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Patterns, Mechanisms and Genetics of Speciation in Reptiles and Amphibians
Open AccessArticle

Transcriptomic Signatures of Experimental Alkaloid Consumption in a Poison Frog

1
Zoological Institute, Technische Universität Braunschweig, 38106 Braunschweig, Germany
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Department of Biology, Stanford University, Stanford, CA 94305, USA
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Institut fur Zoologie, Tierärztliche Hochschule Hannover, 30559 Hannover, Germany
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Museum für Naturkunde Berlin, Leibniz-Institut für Evolutions- und Biodiversitätsforschung, 10115 Berlin, Germany
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Biogeography Department, Trier University, 54296 Trier, Germany
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Department of Evolutionary Genetics, Max Planck Institute for Evolutionary Biology, 24306 Plön, Germany
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Department of Biology, John Carroll University, University Heights, OH 44118, USA
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Messerli Research Institute, University of Veterinary Medicine Vienna, Medical University of Vienna, and University of Vienna, A-1210 Vienna, Austria
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Department of Integrative Zoology, University of Vienna, A-1090 Vienna, Austria
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Institute of Organic Chemistry, Technische Universität Braunschweig, 38106 Braunschweig, Germany
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Department of Biological and Marine Sciences, University of Hull, Kingston-Upon Hull 01482, UK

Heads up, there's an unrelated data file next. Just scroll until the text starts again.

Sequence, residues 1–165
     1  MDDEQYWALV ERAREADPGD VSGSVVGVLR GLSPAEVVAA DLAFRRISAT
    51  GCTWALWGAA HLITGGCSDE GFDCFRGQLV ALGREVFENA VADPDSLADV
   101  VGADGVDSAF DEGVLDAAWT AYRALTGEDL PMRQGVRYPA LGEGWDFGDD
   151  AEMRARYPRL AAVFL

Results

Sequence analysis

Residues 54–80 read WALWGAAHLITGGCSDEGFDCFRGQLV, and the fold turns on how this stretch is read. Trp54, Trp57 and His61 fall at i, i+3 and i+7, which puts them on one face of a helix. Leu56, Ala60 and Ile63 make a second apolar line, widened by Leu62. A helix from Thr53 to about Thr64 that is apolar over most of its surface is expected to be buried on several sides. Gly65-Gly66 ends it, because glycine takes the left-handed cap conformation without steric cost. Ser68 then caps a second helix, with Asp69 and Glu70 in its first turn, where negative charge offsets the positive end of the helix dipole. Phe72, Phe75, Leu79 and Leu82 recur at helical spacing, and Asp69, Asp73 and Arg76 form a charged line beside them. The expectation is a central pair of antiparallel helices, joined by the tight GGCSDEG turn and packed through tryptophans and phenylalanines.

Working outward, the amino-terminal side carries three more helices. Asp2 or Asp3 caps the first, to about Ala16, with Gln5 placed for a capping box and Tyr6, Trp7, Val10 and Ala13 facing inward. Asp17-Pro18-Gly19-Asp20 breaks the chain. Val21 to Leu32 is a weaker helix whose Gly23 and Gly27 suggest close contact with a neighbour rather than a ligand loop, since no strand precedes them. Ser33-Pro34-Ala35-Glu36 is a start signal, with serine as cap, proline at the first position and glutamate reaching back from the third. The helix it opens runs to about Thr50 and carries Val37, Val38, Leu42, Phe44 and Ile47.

*
Author to whom correspondence should be addressed.
These authors contributed equally to the manuscript.
Genes 2019, 10(10), 733; https://doi.org/10.3390/genes10100733
Received: 11 July 2019 / Revised: 14 September 2019 / Accepted: 17 September 2019 / Published: 21 September 2019
(This article belongs to the Special Issue Evolutionary Genetics of Reptiles and Amphibians)
In the anuran family Dendrobatidae, aposematic species obtain their toxic or unpalatable alkaloids from dietary sources, a process known as sequestering. To understand how toxicity evolved in this family, it is paramount to elucidate the pathways of alkaloid processing (absorption, metabolism, and sequestering). Here, we used an exploratory skin gene expression experiment in which captive-bred dendrobatids were fed alkaloids. Most of these experiments were performed with Dendrobates tinctorius, but some trials were performed with D. auratus, D. leucomelas and Allobates femoralis to explore whether other dendrobatids would show similar patterns of gene expression. We found a consistent pattern of up-regulation of genes related to muscle and mitochondrial processes, probably due to the lack of mutations related to alkaloid resistance in these species. Considering conserved pathways of drug metabolism in vertebrates, we hypothesize alkaloid degradation is a physiological mechanism of resistance, which was evidenced by a strong upregulation of the immune system in D. tinctorius, and of complement C2 across the four species sampled. Probably related to this strong immune response, we found several skin keratins downregulated, which might be linked to a reduction of the cornified layer of the epidermis. Although not conclusive, our results offer candidate genes and testable hypotheses to elucidate alkaloid processing in poison frogs. View Full-Text
Keywords: Dendrobatidae; Aromobatidae; Dendrobates; Allobates; epibatidine; gene expression; feeding experiment; immune system; resistance Dendrobatidae; Aromobatidae; Dendrobates; Allobates; epibatidine; gene expression; feeding experiment; immune system; resistance
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Sanchez, E.; Rodríguez, A.; Grau, J.H.; Lötters, S.; Künzel, S.; Saporito, R.A.; Ringler, E.; Schulz, S.; Wollenberg Valero, K.C.; Vences, M. Transcriptomic Signatures of Experimental Alkaloid Consumption in a Poison Frog. Genes 2019, 10, 733.

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